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A Golden Age  By  cover art

A Golden Age

By: Tahmima Anam
Narrated by: Madhur Jaffrey
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Publisher's Summary

As young widow Rehana Haque awakes one March morning, she might be forgiven for feeling happy. Today she will throw a party for her son and daughter. In the garden of the house she has built, her roses are blooming, her children are almost grown, and beyond their doorstep, the city is buzzing with excitement after recent elections. Change is in the air.

But none of the guests at Rehana's party can foresee what will happen in the days and months ahead. For this is 1971 in East Pakistan, a country on the brink of war. And this family's life is about to change forever.

Set against the backdrop of the Bangladesh War of Independence, A Golden Age is a story of passion and revolution, of hope, faith, and unexpected heroism. In the chaos of this era, everyone, from student protesters to the country's leaders, from rickshaw'wallahs to the army's soldiers, must make choices. And as she struggles to keep her family safe, Rehana will be forced to face a heartbreaking dilemma.

©2008 Tahmima Anam (P)2008 HarperCollins Publishers
  • Unabridged Audiobook

Critic Reviews

"An immersive, wrenching narrative." ( Publishers Weekly)

What listeners say about A Golden Age

Average Customer Ratings
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  • Overall
    5 out of 5 stars

sad, poignant, thought-provoking, beautiful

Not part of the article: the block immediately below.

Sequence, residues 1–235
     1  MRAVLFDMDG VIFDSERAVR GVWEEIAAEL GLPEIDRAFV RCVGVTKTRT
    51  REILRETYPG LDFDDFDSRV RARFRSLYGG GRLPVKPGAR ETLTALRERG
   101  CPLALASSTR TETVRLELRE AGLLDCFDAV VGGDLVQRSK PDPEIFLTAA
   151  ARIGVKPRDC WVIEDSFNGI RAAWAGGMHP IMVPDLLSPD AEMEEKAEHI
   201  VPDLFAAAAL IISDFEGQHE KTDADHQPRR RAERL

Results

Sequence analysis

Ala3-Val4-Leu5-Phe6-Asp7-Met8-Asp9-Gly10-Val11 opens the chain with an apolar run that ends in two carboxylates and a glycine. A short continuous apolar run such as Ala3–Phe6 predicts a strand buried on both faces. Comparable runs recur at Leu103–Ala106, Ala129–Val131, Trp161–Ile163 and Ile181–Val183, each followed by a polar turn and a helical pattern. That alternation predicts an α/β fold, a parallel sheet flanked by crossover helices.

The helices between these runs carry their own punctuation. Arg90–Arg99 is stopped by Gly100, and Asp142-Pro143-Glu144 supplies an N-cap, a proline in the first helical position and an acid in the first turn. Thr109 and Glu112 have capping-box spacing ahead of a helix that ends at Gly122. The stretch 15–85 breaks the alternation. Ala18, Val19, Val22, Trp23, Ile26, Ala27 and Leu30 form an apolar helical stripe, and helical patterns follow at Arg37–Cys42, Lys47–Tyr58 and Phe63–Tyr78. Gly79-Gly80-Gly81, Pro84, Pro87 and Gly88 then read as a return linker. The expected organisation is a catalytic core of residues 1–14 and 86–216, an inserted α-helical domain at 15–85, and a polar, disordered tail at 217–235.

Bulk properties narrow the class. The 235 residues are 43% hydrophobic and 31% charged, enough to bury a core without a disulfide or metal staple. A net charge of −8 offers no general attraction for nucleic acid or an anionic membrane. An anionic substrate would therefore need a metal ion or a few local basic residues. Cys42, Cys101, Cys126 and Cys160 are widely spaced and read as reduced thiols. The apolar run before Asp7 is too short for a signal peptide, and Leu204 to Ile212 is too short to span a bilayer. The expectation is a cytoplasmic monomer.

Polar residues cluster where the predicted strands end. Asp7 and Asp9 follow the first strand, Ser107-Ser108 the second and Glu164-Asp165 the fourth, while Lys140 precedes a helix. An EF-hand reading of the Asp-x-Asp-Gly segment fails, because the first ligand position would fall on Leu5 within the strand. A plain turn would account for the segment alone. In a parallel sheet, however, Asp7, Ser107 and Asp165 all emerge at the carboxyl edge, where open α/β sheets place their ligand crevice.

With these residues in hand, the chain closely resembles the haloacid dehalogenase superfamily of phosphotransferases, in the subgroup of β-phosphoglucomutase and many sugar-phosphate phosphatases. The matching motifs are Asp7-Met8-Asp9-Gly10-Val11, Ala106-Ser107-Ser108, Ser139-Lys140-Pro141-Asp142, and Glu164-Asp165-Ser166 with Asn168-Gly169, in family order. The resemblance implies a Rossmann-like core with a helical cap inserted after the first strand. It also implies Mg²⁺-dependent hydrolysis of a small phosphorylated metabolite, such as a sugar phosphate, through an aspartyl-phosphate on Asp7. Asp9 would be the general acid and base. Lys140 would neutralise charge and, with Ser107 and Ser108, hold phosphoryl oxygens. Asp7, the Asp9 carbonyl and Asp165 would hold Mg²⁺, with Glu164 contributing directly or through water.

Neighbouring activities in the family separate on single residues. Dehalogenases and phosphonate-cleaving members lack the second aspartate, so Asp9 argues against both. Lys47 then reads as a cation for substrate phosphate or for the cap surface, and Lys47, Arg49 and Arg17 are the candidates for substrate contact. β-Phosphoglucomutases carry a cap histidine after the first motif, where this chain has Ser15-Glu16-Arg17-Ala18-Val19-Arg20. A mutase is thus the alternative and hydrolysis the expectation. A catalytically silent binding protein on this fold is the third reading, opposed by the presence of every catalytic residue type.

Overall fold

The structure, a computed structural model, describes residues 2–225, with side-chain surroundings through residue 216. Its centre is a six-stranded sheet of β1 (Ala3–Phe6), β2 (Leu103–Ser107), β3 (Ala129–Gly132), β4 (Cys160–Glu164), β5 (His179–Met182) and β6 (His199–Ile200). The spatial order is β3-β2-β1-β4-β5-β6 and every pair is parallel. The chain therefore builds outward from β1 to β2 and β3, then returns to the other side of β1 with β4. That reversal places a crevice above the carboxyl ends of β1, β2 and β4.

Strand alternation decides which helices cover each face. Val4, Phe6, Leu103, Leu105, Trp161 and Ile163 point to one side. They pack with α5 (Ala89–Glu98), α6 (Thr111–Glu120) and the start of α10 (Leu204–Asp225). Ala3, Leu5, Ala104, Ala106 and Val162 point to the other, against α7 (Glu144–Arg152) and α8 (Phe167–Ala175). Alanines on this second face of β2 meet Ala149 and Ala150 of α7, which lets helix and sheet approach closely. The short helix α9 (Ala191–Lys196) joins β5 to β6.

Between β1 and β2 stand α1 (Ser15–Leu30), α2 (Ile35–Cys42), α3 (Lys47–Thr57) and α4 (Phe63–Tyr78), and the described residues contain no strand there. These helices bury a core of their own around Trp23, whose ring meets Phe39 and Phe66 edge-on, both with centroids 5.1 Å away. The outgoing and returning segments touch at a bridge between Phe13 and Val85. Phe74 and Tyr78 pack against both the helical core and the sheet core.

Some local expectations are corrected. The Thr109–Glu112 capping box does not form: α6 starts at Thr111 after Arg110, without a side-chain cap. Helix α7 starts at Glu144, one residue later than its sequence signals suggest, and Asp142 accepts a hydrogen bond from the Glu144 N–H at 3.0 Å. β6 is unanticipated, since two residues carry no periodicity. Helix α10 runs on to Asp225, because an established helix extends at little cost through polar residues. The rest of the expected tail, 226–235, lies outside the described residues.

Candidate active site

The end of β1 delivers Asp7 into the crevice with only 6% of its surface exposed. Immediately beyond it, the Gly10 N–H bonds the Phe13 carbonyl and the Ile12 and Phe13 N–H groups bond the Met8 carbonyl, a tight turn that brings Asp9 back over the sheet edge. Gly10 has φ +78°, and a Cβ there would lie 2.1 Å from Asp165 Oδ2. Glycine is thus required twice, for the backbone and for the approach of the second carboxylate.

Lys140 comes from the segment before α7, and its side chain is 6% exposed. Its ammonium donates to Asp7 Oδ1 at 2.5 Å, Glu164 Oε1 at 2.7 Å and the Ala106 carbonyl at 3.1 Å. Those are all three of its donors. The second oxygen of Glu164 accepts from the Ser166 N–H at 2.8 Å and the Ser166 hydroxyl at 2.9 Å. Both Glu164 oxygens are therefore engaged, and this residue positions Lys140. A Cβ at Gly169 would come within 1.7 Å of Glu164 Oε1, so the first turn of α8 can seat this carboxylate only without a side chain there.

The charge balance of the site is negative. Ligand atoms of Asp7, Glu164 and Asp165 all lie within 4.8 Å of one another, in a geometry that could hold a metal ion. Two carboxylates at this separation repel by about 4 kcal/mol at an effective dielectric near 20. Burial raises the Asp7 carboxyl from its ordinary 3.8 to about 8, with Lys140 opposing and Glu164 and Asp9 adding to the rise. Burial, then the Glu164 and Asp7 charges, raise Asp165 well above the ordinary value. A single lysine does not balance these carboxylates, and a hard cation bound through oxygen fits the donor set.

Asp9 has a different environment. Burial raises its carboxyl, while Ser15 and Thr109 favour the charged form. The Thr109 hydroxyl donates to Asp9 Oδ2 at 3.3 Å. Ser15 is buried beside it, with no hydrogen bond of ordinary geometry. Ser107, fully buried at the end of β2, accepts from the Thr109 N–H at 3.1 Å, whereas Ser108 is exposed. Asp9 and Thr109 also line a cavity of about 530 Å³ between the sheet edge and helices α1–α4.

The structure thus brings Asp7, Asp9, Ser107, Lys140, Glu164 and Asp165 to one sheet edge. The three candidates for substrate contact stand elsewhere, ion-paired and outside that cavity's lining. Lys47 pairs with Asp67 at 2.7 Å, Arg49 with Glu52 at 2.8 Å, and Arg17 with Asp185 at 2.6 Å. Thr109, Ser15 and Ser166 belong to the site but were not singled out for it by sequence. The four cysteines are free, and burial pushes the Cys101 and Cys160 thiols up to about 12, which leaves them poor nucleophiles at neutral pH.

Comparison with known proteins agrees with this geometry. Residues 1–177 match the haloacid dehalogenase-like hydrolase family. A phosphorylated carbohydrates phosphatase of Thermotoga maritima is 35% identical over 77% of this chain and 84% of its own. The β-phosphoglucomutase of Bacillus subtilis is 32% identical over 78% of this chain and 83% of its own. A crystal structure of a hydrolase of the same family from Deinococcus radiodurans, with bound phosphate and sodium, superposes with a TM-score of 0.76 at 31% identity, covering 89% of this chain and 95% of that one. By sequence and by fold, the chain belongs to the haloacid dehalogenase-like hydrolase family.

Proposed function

Excellent narration! Difficult situations occur throughout this story, but the descriptions are not overly drawn out or exhausting. Throughout the tale one hears understanding, compassion and faith. This is a compelling peak into the turmoil Indians, Pakistanis and Bangladeshis have endured in recent times. Wonderful character development.

5 people found this helpful

  • Overall
    5 out of 5 stars

five star, with reservations

Like "A Thousand Splendid Suns," this is a GOOD novel made more important by the story it tells. From a literary point of view, it's probably a better novel than "Suns", but one point concerns me: I don't think there's a sympathetic portrait of even one minor Pakistani character. In a novel depicting war, no matter how aggressive the opponent nation, I think a detail like that is important to help stop the cycle of dehumanization that allows war.

The novel relates a struggle that was too soon forgotten by the West, even after the flood of publicity that followed George Harrison's "Concert for Bangladesh" (the first big "charity/consciousness raising concert) in the aftermath of the environmental and famine crisis that followed the civil war.

We know that the newly independent Bangladesh had victories in terms of human rights and just government, but also setbacks. It remains a story that we ought to know more about, and the author has provided an excellent starting point in an accessible but absorbing novel that manages to communicate the horrors of war without leaving a listener in psychic numbness. She also hints indirectly in the story at some of the causes of the eventual rise of Islamist fundamentalism among some of the population. Outside of the historical context, the novel paints a picture of how "ordinary" folks can rise to heroic action in crisis.